The third series of reasons why Trump took such a decision may lie in economic and commercial considerations. As a result of the lifting of sanctions against Iran, as approved by the UN Security Council, many companies from European countries, Russia or China had begun to conclude contracts for modernising the Iranian economy, its infrastructure, means of transport, energy sector, etc. Since US companies were still hampered by remaining US sanctions, the Trump administration declared a form of trade and investment warfare on their competitors. A total lack of economic rationality: penalize all businesses, including American interests, rather than give the Iranian economy some prospect of growth. Now the threat of secondary sanctions against companies from the rest of the world dealing with Iran can appear as a sort of blackmail against their governments to force them either to contribute to choking the Iranian economy or put pressure on Tehran to accept more constraints. The EU already possesses the legal tools to shield its companies from such sanctions, but applying them would indeed lead to a transatlantic trade war.
The consequences of the US withdrawal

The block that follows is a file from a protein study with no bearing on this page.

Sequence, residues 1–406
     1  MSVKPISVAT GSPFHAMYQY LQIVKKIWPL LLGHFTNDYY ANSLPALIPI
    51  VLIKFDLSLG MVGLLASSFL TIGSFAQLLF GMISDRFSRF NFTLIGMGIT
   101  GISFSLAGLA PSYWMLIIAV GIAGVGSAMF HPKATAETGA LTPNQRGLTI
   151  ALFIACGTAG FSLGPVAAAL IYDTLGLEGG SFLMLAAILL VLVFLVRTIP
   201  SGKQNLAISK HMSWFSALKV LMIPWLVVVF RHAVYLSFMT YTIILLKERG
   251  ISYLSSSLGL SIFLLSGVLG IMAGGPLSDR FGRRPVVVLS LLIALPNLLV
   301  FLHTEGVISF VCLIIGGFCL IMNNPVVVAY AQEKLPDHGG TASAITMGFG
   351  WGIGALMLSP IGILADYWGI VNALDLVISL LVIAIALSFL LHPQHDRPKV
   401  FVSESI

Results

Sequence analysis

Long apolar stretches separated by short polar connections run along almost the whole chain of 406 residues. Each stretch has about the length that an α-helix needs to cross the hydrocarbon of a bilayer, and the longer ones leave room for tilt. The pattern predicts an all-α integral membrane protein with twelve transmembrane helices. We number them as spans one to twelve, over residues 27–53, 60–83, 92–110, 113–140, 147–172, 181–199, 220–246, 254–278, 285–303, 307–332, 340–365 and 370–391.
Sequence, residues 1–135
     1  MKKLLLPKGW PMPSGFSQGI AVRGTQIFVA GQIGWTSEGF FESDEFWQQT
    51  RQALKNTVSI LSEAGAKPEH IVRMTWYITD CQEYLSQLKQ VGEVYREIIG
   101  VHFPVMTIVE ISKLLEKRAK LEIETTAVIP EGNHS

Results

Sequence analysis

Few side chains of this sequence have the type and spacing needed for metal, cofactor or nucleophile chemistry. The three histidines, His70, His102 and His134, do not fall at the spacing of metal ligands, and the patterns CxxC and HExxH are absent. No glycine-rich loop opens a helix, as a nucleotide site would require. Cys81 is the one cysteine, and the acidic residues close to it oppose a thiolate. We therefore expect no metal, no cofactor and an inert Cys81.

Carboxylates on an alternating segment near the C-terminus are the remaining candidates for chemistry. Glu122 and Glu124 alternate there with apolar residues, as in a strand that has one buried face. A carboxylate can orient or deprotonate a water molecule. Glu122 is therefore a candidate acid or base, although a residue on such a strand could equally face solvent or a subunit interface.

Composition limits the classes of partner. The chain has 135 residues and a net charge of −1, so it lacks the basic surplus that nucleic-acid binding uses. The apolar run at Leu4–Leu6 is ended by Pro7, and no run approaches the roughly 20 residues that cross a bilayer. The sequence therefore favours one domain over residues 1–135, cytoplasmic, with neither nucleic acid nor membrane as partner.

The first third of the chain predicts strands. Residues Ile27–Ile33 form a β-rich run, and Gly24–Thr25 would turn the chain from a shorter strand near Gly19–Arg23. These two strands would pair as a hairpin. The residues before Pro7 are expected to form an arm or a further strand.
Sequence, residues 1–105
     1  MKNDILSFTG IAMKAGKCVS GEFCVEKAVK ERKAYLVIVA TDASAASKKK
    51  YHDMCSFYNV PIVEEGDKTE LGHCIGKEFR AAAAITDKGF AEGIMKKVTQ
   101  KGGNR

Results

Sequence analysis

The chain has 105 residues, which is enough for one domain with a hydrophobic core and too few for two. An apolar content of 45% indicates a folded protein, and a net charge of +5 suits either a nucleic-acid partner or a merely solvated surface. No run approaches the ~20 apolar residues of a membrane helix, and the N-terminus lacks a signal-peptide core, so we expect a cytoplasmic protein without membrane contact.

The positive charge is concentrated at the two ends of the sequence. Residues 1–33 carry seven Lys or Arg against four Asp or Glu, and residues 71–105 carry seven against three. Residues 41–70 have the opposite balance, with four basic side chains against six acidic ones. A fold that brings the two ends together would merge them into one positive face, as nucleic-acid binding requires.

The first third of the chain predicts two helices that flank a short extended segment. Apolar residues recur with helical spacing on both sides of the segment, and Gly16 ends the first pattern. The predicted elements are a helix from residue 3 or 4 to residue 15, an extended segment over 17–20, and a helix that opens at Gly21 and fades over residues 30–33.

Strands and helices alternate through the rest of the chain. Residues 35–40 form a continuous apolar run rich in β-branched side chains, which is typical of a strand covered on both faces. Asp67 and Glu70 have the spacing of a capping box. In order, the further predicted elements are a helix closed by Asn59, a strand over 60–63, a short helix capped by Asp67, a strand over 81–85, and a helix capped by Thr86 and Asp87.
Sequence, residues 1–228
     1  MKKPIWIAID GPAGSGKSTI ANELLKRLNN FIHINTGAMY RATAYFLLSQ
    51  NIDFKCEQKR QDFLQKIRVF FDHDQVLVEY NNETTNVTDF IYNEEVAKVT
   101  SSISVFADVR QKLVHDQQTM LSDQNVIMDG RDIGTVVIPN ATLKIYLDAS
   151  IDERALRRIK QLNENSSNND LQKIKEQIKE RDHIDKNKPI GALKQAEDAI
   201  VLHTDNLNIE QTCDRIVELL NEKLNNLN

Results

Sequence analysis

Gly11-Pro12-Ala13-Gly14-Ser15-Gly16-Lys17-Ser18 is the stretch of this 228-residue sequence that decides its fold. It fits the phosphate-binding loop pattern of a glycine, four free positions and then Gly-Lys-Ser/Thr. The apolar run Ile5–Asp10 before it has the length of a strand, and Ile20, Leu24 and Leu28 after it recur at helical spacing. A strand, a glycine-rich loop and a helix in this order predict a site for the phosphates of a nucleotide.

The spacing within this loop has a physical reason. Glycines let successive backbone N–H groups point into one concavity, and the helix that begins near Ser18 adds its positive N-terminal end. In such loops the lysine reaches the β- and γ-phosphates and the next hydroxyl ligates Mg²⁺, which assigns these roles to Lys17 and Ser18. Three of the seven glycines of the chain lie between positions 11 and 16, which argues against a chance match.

The main result of the Trump administration’s move to denounce the JCPOA is that it now feels free to reinstate the sanctions that had been lifted as a result of the agreement and even add new ones. The President rushed to sign a memorandum ordering the US Treasurer to take such steps. However, the power of the President is not unlimited in this field, and he will need some decisions by Congress, which he is not absolutely certain to obtain. The time limits for new sanctions to enter into force will vary between 90 and 180 days, and the expectation in Washington is that, during that period, either countries and companies wary of penalties will withdraw from business contracts with Iran, or their governments will redouble efforts to convince Tehran to accept a more comprehensive and constraining agreement. If the goal of such a ‘new deal’ is sincere on the part of the Trump administration, the EU may work to that end as French President Macron has proposed. Iran’s leadership has stated its willingness to continue implementing the JCPOA in exchange for “guarantees” from the EU that its economic interests will be protected. In any case, it is likely that Russian and Chinese companies will feel less threatened than the European ones; American sanctions would then hurt US allies more. As shown during the previous period of sanctions against Iran, only those measures supported by the UN Security Council were effective (because binding on all states) while the US and EU unilateral oil sanctions did not prevent other countries from continuing trading with Iran.